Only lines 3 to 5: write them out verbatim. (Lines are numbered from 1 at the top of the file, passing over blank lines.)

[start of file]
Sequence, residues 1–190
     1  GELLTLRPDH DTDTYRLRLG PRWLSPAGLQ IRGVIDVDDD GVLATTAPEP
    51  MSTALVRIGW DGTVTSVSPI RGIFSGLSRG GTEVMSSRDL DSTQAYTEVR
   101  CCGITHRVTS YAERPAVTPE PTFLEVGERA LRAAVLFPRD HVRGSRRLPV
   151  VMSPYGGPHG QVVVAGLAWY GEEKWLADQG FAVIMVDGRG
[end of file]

    51  MSTALVRIGW DGTVTSVSPI RGIFSGLSRG GTEVMSSRDL DSTQAYTEVR
   101  CCGITHRVTS YAERPAVTPE PTFLEVGERA LRAAVLFPRD HVRGSRRLPV
   151  VMSPYGGPHG QVVVAGLAWY GEEKWLADQG FAVIMVDGRG